Prewashed jeans made America soft

December 13, 2010|By TIM ROWLAND
  • Tim Rowland
Tim Rowland

I don’t think I’d get much of an argument at my contention that America has gone soft. We used to be a strong, industrial nation that took our lunch pails to work and produced metallic goods that felt heavy in your hand and could knock a barking dog unconscious in a single swipe.

Today, we’re a nation of retail call centers.

We used to grow a lot of our own food, but now we’re scared to dig in the dirt because it might stain our stockings, or we might see a worm, or we might break a nail — and that’s just what the men are afraid of. The women are pretty sure they’ll be eaten by woodchucks.

The robber barons in this country used to buy railroads and coal mines. Now, they buy heated toilet seats and shower curtains. We used to communicate with pony express stallions kicking up clouds of dust and sagebrush. Today, we Tweet.

Because I’m curious about such things, I did a lot of research in an attempt to pinpoint the exact moment in history that the United States of America lost its manhood.

When did we go from life to virtual life? When did we become scared of the dark and scared of germs and scared of immigrants and — and, well, scared of everything? When did we go soft?

I believe I have found the answer.

The year was 1975. And the villain was a man named Hal.

Because he was the idiot who introduced America to — prewashed jeans. It was not entirely his fault. He had a storeroom full of jeans that flooded, so he was only trying to turn lemons into lemonade.

Little did he know that he was about to bring down a great nation.

That’s gotta be it, right? Jeans used to be a man’s product. Or a heavyset woman’s. They weighed about 10 pounds a pair and the fabric was so stiff that you needed the jaws of life to unfold them for the first time.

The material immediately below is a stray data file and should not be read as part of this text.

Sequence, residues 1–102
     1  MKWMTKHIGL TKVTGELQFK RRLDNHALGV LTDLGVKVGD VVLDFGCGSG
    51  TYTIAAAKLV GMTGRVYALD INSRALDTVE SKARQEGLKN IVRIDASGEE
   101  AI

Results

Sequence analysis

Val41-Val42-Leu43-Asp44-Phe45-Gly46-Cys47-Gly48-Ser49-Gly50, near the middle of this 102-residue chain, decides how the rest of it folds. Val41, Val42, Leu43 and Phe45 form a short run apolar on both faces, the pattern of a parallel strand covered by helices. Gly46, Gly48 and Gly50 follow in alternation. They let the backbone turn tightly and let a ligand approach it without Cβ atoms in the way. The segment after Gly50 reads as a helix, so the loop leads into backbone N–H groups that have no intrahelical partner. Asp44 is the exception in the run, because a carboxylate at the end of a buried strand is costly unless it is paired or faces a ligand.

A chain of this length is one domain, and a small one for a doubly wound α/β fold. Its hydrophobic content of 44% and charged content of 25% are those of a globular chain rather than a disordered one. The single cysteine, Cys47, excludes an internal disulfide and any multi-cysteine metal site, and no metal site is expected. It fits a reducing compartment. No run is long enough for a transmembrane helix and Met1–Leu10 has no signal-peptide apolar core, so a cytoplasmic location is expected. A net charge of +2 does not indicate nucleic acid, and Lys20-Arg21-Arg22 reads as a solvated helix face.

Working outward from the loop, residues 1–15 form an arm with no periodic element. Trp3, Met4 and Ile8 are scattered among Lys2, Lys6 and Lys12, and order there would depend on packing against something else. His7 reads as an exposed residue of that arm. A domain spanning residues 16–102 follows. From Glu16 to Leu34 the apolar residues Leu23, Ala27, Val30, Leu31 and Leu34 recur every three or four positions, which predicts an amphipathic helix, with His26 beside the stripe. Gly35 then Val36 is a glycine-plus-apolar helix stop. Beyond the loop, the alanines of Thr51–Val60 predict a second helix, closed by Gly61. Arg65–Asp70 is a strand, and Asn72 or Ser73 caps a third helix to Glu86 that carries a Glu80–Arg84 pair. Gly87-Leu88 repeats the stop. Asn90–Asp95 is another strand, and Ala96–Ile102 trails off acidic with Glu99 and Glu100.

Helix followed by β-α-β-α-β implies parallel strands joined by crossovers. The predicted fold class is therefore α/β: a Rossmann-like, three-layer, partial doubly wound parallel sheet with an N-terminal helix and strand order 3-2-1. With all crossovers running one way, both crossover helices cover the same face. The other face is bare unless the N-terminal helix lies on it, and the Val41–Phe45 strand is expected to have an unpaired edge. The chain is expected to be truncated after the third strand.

You kids don’t know this because you’ve had it too good all your lives with your computer games and your cartoon heroes made out of highly absorbent cleaning products and your juice boxes with the straws already in them.

And your jeans are already pajama-soft when you buy them off the shelf.

But it used to be the case that for about six months, a new pair of jeans was about the most uncomfortable piece of clothing imaginable. You hated to get a new pair of jeans because it was like wearing a straightjacket around your waist.

It took forEVER to break them in, and until then, we suffered. There was no easy way out, no one who was going to do the job for you.

And people made fun of you for wearing a new pair of jeans. When you walked, the fabric made this weird noise from your legs rubbing together. Vwip, vwip, vwip. Even the coolest kid in school was a dweeb when he had to break in new jeans.

Looking back, it wasn’t such a long step from prewashed jeans to financial planners and tin cans with easy-open lids.

When our jeans got soft, we got soft. Now everything has to be done for us. It’s a tragedy, really. That something so American could be the very thing that brought us down.

Tim Rowland is a Herald-Mail columnist. He can be reached at 301-733-5131, ext. 6997, or by e-mail at Tune in to the Rowland Rant video under, on or on Antietam Cable’s WCL-TV Channel 30 at 6:30 p.m. New episodes are released every Wednesday.

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